The unusual circumstances surrounding the 2020 MLB season could lead to an odd mix between teams and umpires.
Los Angeles Angels manager Joe Maddon confirmed on Monday that the league is considering having some umpiring crews travel on team charter flights this year, according to The Athletic’s Fabian Ardaya.
Unlike the NBA, which has set up a “bubble” situation in Orlando, MLB is planning to have teams operate out of their home cities and travel during the season. Their aim is to reduce the spread of COVID-19 and keep players and officials away from the virus. If having those who umpire the games travel with teams means less possible exposure, that is something the league will consider, despite the obvious conflict of interest.
Major League Baseball is reportedly making a significant change to how umpires can communicate about reviewed calls in 2020.
According to ESPN’s Pedro Gomez, umpires will wear microphones starting this coming season allowing them to address the call and explain rules and replay decisions, much like the NFL has always done.
This is long overdue. Since the institution of replay in MLB, it has been the worst league in terms of communicating what is being reviewed and why calls do or do not change. A large part of that is down to the umpires simply being unable to communicate with anyone, which results in the outcome of the replay review being announced and nothing else. That leaves fans and media alike to guess why certain calls changed and others did not. That doesn’t even cover controversial calls, either. It certainly would have been nice to get an explanation for calls like this one while the game was taking place.
Major League Baseball will begin testing a computerized strike zone during spring training this season, but those most familiar with the system believe it isn’t close to being ready for use in MLB games.
Strike zone technology has been tested in the independent Atlantic League, and that technology will be tested this spring at the MLB level. Atlantic League umpires, however, told Bob Klapisch of the New York Times that the system simply is not ready for meaningful competition.
It’s been suggested that this technology may be in use at the highest levels of the minors as soon as 2021 ahead of its introduction to MLB. Based on this feedback, this may be optimistic. The league will have ample opportunity to test and tweak the technology, but adopting it in MLB before it’s completely perfected and ready would be a massive mistake that would severely undermine any faith in it both inside and outside the game. The spring training testing should be telling in just how close we really are to making this technology a reality in the majors.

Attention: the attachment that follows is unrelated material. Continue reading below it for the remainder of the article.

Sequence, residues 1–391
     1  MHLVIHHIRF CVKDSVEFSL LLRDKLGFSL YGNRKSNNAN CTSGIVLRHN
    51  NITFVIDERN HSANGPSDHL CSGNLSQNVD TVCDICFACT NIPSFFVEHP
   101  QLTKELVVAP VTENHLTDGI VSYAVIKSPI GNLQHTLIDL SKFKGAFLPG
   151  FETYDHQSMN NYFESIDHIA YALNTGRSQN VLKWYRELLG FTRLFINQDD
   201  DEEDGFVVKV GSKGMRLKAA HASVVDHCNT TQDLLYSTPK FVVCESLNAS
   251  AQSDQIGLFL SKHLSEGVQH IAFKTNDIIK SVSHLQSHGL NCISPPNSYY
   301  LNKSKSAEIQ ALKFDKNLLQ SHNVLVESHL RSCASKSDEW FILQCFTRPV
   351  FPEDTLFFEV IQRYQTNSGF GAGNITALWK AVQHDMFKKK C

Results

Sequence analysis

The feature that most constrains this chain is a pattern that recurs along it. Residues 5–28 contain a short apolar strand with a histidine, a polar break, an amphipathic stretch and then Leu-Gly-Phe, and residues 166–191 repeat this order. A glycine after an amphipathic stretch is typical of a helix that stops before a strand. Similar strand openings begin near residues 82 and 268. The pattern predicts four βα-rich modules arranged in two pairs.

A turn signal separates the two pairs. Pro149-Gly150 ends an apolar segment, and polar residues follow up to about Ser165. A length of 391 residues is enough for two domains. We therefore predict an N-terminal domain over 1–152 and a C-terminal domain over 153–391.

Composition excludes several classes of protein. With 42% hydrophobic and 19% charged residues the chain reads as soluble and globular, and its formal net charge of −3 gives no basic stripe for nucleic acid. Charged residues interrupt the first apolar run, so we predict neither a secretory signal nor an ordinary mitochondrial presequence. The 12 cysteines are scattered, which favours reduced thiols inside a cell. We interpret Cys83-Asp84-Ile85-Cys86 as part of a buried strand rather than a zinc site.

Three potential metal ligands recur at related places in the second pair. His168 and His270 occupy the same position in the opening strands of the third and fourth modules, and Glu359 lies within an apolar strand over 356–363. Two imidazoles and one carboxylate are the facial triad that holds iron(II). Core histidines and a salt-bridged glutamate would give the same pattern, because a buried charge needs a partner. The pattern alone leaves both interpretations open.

New York Yankees fans are furious with umpire Joe West for blowing a call during Brett Gardner’s final at-bat on Friday night.
The Yankees were trailing the Toronto Blue Jays 4-3 in the bottom of the ninth and had one out with Gardner facing closer Ken Giles. Gardner had a 3-1 count and Giles threw a pitch that was a solid few inches outside. Rather than call it a ball and put Gardner on base as he should have, West called it a strike, leaving Gardner with a full count. He struck out in the at-bat instead of reaching base.
Here’s a look at the pitch:
The pitch was tracked by MLB (seen as pitch 5 in the graphic) as being over the far side of the white chalk of the other batter’s box.
Mike Ford followed by striking out to end the game.
Umpires should never be missing calls that badly. It stings even more when it’s a one-run game and your team is competing with the Houston Astros for homefield advantage in the playoffs.
Angel Hernandez was at the center of some bad calls during Sunday’s Minnesota Twins-Chicago White Sox game.
The veteran umpire blew a call in the sixth inning of the game that led to White Sox manager Rick Renteria’s ejection. Eloy Jimenez was batting with a full count and the bases loaded. Kyle Gibson threw a pitch low in the zone that was a clear ball. It should have walked in a run and helped the White Sox continue their rally. Instead, Hernandez called it a strike, upsetting Jimenez and Renteria.
That wasn’t the only blown call he had. In the top of the second, Jimmy Cordero had Nelson Cruz 0-2. Hernandez called this pitch a ball even though it was right down the middle.
Hernandez also called the 1-2 pitch a ball even though MLB.com showed it was also a strike.
Memo to Hernandez: a pitch can still be a strike even if the pitcher misses the intended target. He’s so bad he doesn’t realize that. He did the same thing in early June against the Yankees and it was even worse.
MLB issued a statement on Tuesday in response to the Umpires’ Association statement about the Manny Machado suspension.